02 November 2009

Oyster Stout Returns--Well, at Least to Jersey.....

Oyster Stout is a style I first ran into nearly two decades ago at the Ram's Head Tavern in Annapolis, shortly after they started brewing as a brewpub and long before they went 90% music hall and 10% brewpub.  I loved Fordham's draft-only Blue Point Oyster Stout, in part because it had a wonderful, full-bodied, and slightly chalky flavor with a full ale character and CO2 dispensing (none of this trying to be a Guinness and pouring it through a nitro tap).  Sadly, Fordham basically did away with Oyster Stout some time ago--competing with Guinness with a similar beer pumped through a nitro tap as Genius Stout was apparently more important to them.  (Legend has it that the first batch they did had actual oyster shells in it, but later batches got away with just a carefully controlled dose of gypsum and other minerals.)

The style may be back with Flying Fish of Cherry Hill, NJ, who has just introduced their latest in their "Exit" series of specialty beers, Exit 1 Oyster Stout.  Lew Bryson led me to Jeff Linkous' Beer-Stained Letter blog, complete with his self-produced video (above) about a territory on the Delaware Bay I've explored quite a great deal as a railroad historian.

Anyone headed Joisey way, grab me a bottle of that stuff.  Please.  I beg you.

Pub Dog (Federal Hill) Review

I always like to read what non-beer-geeks think of our favorite beers and beer places, so with further ado:

Taste of Baltimore blogger Nakiya reviews Federal Hill's Pub Dog.

Gratuitous Non-Beer (But Booze-Related) Obama-Querying Post

Breitbart (via Instapundit) reports the following story from AFP (Agence France-Presse) about how Obama souvenirs are not moving so well to D.C. tourists anymore:

This is not for want of supply: from a lifesize cardboard cutout to gold jewelry to a bottle of special vintage champagne bearing the president's name, the list of Obama tchotchkes and high-end souvenirs is long.
 Two questions:  Are these shopkeepers legally licensed to sell such booze, or is this non-alcoholic "champagne" being mis-identified by the reporter?  Second, where is the swift, heavy hammer of authority from the White House and ATTTB that stopped Ommegang from marketing "Obamagang", a special one-off beer for the inauguration earlier this year (but not, mind you, a sugar-laden soda)? After all, we don't want "the President to be seen as promoting intoxication," now, do we?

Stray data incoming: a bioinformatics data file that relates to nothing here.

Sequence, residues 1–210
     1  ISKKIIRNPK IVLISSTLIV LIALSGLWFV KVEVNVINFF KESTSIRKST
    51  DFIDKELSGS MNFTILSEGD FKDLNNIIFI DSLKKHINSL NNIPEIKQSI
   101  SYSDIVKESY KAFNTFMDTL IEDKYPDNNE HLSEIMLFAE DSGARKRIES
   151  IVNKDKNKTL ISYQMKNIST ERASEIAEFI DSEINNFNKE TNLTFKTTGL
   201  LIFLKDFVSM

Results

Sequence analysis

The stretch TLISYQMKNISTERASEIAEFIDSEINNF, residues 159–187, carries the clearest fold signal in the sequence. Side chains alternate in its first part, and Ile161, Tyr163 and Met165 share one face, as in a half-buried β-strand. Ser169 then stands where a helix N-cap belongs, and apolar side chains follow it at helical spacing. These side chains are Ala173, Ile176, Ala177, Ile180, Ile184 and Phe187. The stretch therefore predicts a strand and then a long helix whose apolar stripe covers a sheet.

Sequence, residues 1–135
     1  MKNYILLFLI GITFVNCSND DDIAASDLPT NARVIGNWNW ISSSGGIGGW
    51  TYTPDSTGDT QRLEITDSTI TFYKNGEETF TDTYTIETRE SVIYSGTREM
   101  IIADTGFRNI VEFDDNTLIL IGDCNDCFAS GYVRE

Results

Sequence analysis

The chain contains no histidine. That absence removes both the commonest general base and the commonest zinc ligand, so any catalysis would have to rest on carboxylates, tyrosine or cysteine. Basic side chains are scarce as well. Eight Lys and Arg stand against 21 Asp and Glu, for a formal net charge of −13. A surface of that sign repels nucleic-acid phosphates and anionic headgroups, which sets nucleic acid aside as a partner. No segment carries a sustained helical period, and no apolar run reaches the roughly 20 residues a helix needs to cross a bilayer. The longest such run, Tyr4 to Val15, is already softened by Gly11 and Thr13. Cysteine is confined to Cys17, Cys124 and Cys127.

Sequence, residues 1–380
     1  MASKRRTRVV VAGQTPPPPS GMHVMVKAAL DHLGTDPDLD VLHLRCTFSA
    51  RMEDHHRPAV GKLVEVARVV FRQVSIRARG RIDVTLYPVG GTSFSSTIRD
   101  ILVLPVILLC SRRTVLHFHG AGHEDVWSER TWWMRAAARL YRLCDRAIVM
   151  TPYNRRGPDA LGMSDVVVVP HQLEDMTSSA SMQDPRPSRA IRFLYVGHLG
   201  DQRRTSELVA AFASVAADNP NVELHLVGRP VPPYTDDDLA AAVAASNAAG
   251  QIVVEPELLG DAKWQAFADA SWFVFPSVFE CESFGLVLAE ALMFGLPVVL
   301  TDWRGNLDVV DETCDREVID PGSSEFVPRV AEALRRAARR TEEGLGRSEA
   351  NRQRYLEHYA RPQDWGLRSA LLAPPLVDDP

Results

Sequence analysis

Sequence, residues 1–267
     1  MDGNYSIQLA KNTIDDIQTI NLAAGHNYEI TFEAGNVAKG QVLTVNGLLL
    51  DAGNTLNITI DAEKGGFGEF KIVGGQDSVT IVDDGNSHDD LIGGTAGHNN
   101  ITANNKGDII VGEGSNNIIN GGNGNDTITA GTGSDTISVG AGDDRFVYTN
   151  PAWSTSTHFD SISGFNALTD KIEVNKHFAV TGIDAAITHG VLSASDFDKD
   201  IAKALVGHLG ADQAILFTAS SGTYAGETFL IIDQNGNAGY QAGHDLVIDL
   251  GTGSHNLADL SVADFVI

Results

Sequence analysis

(Incidentally, my answer to the street vendors mentioned in the article:  Drag out those wonderful "Dissent is Patriotic" bumper stickers and t-shirts that sold so well between, say, 2003 and 2008..........  I'm sure the sales divisions of MoveOn.org and other such places will be glad to let you have them dirt cheap now, or else their hired printers have the presses on standby..........)

ANSWERS?  Here?   Let me get this straight:  $65.00 for NON-ALCOHOLIC "Monterey Cristal," whatever the hell that is? 

BUT WAIT, THERE'S MORE!  Getcher Obama Champagne Glass--now half price!

01 November 2009

Found: Decent Beer in Northwest

I've lamented in this blog in the past about how the northwest corner of suburban Baltimore was severely lacking in quality beer, either retail or in bars.  Well, I'm happy to report I've found at least two retail places up that-a-ways to answer the needs of good beer drinkers.

While in Pikesville yesterday, I asked one liquor store manager why craft beer seemed to not do well in that area.  His answer was perhaps harsh but accurate: "The average age around here is 65 years of age.  Old folks don't drink beer, and the ones with money buy wine and spirits, not microbrew.  The young folks get out of town as fast as they can."

Nonetheless, I discovered two places trying, at least, to offer an alternative point of view.  First, on the "main street" of Pikesville itself, I found Dugan's Discount Liquors at 1322 Reisterstown Road, which yesterday was offering free samples of a couple Oktoberfest and pumpkin beers.  They told me outright they had been working to stock a wider selection of beers just to stand out from the local competition.

Over off of Greenspring Road at Quarry Lake, a new retail development I had never seen or heard of before, I found the glitzy and impressive Quarry Wine & Spirits, also offering a decent selection of micros (200, according to their website), with only a token acknowledgment of mass-market beers.

Now, if we could just find a decent beer-serving restaurant or bar in that neck of the woods.....  any suggestions?